It took some time and an issue as seemingly innocuous as Katrina tax relief for the Internal Revenue Service to get dragged into a public relations skirmish this election season.The trouble start a couple of weeks ago, when Commissioner Mark Everson made an announcement that the IRS will postpone collection activities against taxpayers in the hardest-hit areas struck by Hurricane Katrina until 2007. That’s essentially buys those taxpayers a couple more months -- through the holidays -- after a one-year filing extension expired Oct. 16.

About 1.2 million taxpayers lived in the seven Louisiana parishes and three Mississippi counties where the agency had allowed people to delay payment of 2005 income taxes. Everson made his announcement during an Oct. 10 conference call, according to a New York Times article that ran Oct. 27, with the paper noting that while it’s far from unusual for the agency to postpone collection activities around the holidays, Everson made mention of the upcoming election in delivering his decision.

That same article rolled a trio of former IRS commissioners out of mothballs to deliver their take on whether tax collections had ever been delayed to keep up political appearances around election season. Not surprisingly, the commissioners -- Sheldon Cohen (who served from 1964 to 1969), Donald Alexander (1973 to 1977), Jerome Kurtz (1977 to 1980) and the more contemporary Charles Rossotti (1997 to 2002) -- all said that election season would have never weighed into their administration’s collection decisions. The articles also made reference to Everson's "close ties" to the White House.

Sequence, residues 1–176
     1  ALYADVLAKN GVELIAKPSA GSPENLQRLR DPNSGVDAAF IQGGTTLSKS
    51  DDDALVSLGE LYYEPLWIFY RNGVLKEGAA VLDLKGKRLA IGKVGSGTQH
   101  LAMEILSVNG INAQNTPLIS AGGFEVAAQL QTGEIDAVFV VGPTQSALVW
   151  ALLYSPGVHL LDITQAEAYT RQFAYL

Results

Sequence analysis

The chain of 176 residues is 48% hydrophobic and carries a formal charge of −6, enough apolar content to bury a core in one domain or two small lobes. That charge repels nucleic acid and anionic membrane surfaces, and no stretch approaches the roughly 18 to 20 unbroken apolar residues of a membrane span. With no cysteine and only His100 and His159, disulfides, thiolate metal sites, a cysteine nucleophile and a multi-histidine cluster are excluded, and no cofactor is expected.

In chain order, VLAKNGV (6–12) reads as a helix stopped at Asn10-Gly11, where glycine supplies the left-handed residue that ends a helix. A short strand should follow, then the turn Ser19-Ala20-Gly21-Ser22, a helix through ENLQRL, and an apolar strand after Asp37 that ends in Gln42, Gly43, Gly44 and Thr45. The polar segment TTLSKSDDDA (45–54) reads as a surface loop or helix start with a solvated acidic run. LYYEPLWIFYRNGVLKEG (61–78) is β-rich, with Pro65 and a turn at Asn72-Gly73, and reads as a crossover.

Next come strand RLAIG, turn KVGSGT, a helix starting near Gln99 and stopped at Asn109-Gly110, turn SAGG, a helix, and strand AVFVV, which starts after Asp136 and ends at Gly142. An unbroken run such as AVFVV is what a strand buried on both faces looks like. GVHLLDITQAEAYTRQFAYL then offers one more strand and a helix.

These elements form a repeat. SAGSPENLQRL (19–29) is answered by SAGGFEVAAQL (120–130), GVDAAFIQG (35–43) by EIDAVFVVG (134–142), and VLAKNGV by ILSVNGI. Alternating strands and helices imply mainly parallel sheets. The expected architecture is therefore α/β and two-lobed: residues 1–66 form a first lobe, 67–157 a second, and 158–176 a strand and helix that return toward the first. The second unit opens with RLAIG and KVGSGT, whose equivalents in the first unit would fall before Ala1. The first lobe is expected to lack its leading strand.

The same day, Everson denied in wire reports to the Associated Press and Bloomberg News that political considerations has weighed into his decision. The money quote ran like this: "There's no politics in this," Everson said. "As to the idea that I'm somehow close to the president, I wasn't even invited to the White House Christmas party last year."

On Saturday, the Times published an editorial criticizing Everson for both the Katrina move, as well as the agency’s decision to cut the positions of half the lawyers who audit estate tax returns earlier this year -- saying that the attorneys were not needed, but not releasing enough data to verify the claim. As the paper wrote, “The possibility that Mr. Everson is wielding power in ways to please his boss, President Bush, is especially disturbing given that he has courted that suspicion before.”

The paper called for Everson to make his agency more transparent, a call that carried some additional weight, considering the IRS went to court in April, losing a battle to keep detailed statistics on how the agency enforces the nation's tax laws out of the hands of the non-profit research group, the Transactional Records Access Clearinghouse.

There’s no question that the IRS as a federal agency doesn’t elicit the warm and fuzzy feelings of, say -- well, just about any federal agency. But the idea that delaying collection enforcement in any of the Katrina-impacted areas would somehow tilt the election -- that seems a bit of a stretch. If feelings of resentment and dissatisfaction make their way to ballot boxes in those Louisiana parishes and Mississippi counties, there are likely larger driving forces than tax collection.

There might not have been a need to broadcast the small kindness of the delay into 2007, and whether politically motivated or not, the fact is that the IRS is still sending out collection notices to those taxpayers, even if it’s not going to begin immediate enforcement. I’m betting Everson didn’t see any problem with burnishing his agency’s appearance, even if it was for appearance’s sake. There’s no question the IRS likes to send out news with a positive spin, just look at the latest release headlines at www.irs.gov/newsroom.

Everson did a good job at containing the questions about his political motivations and aspirations this time. It’ll be interesting to see how he handles things the next time they arise. And of course, whether or not he gets that invite to the White House Christmas party this year.


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